A major new sewer pipeline is being delivered in Gloucestershire in an £8.5 million (€9.9 million) project by Thames Water to help tackle flooding.
Using techniques like ‘micro-tunnelling’, the 3.8 km scheme involves the installation of 1,800 individual sections of pipe between Chesterton and Shorncote, and the construction of a new pumping station.
With new houses being built in Cirencester, and more people working from home, the project will increase wastewater capacity and help prevent some of the flooding problems which affected the Cotswolds earlier this year.
Neil Titchener, Thames Water's head of major projects, said: “This is a big investment by Thames Water that will help protect homes and the environment in the Cotswolds from the kind of weather-related sewer flooding we saw earlier this year.
"By increasing capacity, our network will be able to handle much larger volumes of water. Thanks to a combination of innovation and collaboration, we have overcome many challenges, and are on course to finish ahead of schedule this autumn.”
Some of the challenges presented by the unique characteristics of the landscape include dealing with high groundwater levels in the Cotswold Water Park. Engineers have also dug out tons of rock, navigated existing utilities and infrastructure – including high pressure gas mains – and tunnelled under roads.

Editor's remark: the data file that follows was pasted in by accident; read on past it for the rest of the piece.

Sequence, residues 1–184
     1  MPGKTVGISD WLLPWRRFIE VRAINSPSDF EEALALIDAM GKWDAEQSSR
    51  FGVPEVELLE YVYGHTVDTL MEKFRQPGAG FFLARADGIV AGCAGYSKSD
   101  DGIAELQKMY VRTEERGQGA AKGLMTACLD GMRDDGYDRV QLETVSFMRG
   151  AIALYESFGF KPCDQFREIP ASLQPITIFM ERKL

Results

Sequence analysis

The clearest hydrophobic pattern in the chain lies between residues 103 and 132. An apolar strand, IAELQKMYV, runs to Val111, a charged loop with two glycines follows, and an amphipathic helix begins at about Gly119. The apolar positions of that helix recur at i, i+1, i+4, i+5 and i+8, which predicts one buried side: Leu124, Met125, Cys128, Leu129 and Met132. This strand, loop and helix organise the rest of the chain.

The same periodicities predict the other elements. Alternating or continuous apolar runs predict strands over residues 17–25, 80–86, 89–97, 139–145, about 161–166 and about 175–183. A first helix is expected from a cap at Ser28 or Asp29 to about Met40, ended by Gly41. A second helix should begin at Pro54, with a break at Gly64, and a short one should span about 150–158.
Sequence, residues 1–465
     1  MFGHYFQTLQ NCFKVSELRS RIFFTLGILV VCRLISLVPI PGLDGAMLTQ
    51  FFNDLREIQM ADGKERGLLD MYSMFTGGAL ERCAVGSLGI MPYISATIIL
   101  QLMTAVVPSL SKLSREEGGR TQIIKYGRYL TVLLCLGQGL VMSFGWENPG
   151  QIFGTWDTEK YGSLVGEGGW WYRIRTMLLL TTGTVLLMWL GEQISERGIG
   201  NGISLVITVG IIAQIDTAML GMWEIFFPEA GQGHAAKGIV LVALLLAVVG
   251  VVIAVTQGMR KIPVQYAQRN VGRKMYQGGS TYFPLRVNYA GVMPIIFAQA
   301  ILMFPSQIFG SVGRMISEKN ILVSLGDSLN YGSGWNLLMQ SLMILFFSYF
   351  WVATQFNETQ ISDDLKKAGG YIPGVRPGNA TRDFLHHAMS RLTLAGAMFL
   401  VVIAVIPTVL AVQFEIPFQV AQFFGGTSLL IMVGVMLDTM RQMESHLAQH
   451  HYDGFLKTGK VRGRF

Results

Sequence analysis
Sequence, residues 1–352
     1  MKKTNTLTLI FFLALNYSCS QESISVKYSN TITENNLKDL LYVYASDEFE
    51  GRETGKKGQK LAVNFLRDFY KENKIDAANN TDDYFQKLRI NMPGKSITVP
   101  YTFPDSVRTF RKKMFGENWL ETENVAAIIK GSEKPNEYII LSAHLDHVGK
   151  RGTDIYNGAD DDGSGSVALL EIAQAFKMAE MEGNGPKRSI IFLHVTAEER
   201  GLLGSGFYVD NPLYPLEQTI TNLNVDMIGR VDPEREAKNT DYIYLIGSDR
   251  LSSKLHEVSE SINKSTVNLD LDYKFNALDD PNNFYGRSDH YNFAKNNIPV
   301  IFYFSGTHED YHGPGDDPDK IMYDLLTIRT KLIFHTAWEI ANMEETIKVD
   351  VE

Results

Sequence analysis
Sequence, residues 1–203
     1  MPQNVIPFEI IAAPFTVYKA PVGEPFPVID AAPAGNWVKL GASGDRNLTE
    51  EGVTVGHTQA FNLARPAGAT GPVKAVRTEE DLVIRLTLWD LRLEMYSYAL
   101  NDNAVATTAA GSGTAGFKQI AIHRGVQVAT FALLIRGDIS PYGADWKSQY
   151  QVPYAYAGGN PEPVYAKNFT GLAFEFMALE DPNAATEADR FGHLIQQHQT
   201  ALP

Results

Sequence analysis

The project is being delivered by KCD, a joint venture between Kier and Clancy for the Thames Water Infrastructure Alliance. The combination of innovation and collaboration means the work is due to finish ahead of schedule this autumn.
Ian Thompson, head of developer services at KCD, said: “The area has a high water table, so we’ve put in well points for each 500 metres of trench.
“Navigating existing utilities and infrastructure has also been important. We’ve used a combination of open cut trenching across fields and then micro-tunnelling under the carriageway and high-pressure gas mains.
“Micro-tunnelling is a trenchless technique for pipe installation, which has allowed us to minimise disruption. It’s important to us that the project’s construction has as little impact as possible.”
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